From Gush Shalom
AN INCREDIBLE piece of legislation is now being debated in Jerusalem.
The country is busy with a settlement called Amona. There, deep in the occupied territories, a few dozen Jewish families have set up an illegal settlement -- illegal even under Israeli law, not to mention international law.
Trouble is, they did not take the trouble to find out who owns the land on which they settled. As it turns out, it actually belongs to private Arab farmers. The Israeli Supreme Court ordered the settlers to evacuate the site.
Evacuate Jews? Unthinkable! The Amonites swore "passive" resistance. This means calling upon tens of thousands of settlers from all over the occupied Palestinian territories to rush to the scene. It means crying babies, screeching girls, violent youngsters pushing bewildered soldiers (many of them settlers themselves), men wearing Nazi-era yellow stars, woman clutching their many weeping children, cameras galore. Awful.
So, as the date set for the evacuation comes closer and the court refuses to grant another postponement -- after years of legal playing around -- the government has found a way out: the Amona settlers will move a hundred yards, to land on a part of the same hill which does not officially belong to private persons.
In return for this favor by the settlers, the government promises to enact a "legitimization law," an invention of sheer legal genius. It says that in many dozens of places all over the West Bank, where other settlements have been set up on private Palestinian property, the land will simply be expropriated, and the rightful owners will be paid compensation.
In short: a gigantic act of stealing the property of private persons, who happen to be Palestinian Arabs, in order to "legitimize" the settlements of fanatical far-right Jews.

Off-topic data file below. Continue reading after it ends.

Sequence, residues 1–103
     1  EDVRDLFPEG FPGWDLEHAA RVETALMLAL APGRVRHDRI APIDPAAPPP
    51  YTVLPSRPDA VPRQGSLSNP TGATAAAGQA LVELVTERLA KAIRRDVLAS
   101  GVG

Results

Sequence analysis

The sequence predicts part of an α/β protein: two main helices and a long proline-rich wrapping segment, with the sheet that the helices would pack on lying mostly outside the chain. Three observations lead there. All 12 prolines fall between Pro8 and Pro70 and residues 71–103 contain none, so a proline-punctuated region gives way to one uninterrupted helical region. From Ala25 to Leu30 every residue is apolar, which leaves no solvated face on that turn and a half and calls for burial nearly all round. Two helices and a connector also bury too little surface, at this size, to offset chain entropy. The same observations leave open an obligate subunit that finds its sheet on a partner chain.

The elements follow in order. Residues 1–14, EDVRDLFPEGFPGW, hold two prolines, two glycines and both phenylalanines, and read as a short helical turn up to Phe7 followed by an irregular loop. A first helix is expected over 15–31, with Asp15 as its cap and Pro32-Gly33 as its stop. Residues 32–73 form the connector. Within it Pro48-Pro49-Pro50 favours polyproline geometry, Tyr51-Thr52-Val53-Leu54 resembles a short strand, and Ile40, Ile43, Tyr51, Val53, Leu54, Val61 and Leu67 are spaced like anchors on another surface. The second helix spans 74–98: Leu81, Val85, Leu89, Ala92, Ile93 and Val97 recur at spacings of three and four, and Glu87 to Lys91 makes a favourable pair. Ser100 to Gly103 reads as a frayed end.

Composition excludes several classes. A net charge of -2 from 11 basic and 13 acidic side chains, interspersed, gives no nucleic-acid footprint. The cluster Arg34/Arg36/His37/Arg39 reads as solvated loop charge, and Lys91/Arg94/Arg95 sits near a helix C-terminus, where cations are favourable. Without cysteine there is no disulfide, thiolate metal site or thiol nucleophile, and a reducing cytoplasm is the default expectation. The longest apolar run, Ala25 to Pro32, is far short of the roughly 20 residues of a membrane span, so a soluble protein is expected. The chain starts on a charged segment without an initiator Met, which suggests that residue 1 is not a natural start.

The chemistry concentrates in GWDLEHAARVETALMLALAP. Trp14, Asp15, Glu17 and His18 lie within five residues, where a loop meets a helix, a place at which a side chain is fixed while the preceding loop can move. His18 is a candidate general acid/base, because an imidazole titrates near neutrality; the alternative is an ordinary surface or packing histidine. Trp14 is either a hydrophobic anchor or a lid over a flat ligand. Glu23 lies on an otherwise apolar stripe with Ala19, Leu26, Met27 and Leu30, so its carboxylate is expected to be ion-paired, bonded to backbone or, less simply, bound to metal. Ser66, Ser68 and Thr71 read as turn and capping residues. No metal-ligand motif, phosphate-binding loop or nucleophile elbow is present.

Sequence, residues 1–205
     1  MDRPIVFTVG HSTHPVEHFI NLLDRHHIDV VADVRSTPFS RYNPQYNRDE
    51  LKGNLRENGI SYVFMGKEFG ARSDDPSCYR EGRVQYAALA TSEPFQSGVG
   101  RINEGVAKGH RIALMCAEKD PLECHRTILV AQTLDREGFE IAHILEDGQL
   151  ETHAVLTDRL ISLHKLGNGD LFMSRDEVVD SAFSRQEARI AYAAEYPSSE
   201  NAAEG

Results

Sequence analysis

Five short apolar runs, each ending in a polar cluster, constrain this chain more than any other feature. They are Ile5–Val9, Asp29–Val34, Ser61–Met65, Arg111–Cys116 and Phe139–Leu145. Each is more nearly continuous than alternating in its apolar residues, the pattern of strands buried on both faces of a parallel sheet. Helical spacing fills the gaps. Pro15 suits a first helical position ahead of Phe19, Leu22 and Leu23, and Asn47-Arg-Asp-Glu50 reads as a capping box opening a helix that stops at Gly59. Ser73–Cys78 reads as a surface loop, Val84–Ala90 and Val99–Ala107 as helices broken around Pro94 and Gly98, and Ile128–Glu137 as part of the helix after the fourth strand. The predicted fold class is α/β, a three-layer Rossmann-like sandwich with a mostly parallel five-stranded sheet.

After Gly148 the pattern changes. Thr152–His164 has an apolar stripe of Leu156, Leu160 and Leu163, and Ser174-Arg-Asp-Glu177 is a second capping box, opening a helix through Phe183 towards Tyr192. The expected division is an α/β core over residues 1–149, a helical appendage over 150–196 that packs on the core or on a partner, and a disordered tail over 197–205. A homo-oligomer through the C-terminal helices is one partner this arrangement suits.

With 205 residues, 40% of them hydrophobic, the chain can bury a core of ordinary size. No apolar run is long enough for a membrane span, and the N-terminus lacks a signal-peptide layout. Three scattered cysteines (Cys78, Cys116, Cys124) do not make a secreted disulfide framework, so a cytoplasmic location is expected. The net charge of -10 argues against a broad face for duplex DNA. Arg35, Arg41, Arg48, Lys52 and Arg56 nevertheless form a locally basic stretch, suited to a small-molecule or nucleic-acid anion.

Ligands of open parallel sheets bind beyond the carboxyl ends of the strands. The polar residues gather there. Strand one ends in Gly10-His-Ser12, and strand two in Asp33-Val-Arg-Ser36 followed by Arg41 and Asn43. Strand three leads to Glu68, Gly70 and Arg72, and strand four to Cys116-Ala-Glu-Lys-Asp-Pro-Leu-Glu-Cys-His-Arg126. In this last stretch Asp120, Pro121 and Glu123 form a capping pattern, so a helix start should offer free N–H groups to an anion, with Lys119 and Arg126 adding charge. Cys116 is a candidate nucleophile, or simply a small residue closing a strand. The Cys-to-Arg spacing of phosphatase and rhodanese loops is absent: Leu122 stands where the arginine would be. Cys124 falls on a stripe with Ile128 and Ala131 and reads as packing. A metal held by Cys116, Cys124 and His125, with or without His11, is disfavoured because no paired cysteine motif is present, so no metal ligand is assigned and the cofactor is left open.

WHEN I read the text of the proposed bill, I was reminded of a sentence in the Bible that has always bewildered me.
It's in Exodus (12). When Pharaoh at long last allowed the Children of Israel to leave Egypt, after the awful 10 plagues, they did something extraordinary.
"And the Children of Israel 'borrowed of the Egyptians jewels of silver and jewels of gold and raiment' and they spoiled the Egyptians."
Since the Children of Israel were leaving for good, "borrowing" meant stealing. And not from Pharaoh and the state, but from ordinary people, their neighbors.
It is now generally agreed among experts that the exodus never really happened, and that the story was written about a thousand years after the purported event. But why would a writer attribute to his forefathers such disgusting behavior? Especially when it never happened?
The only answer I can imagine is that the writers and editors at the time saw nothing disgusting in this story. Cheating and plundering non-Israelites was alright.
It is also alright now for the settlers and the government of Israel.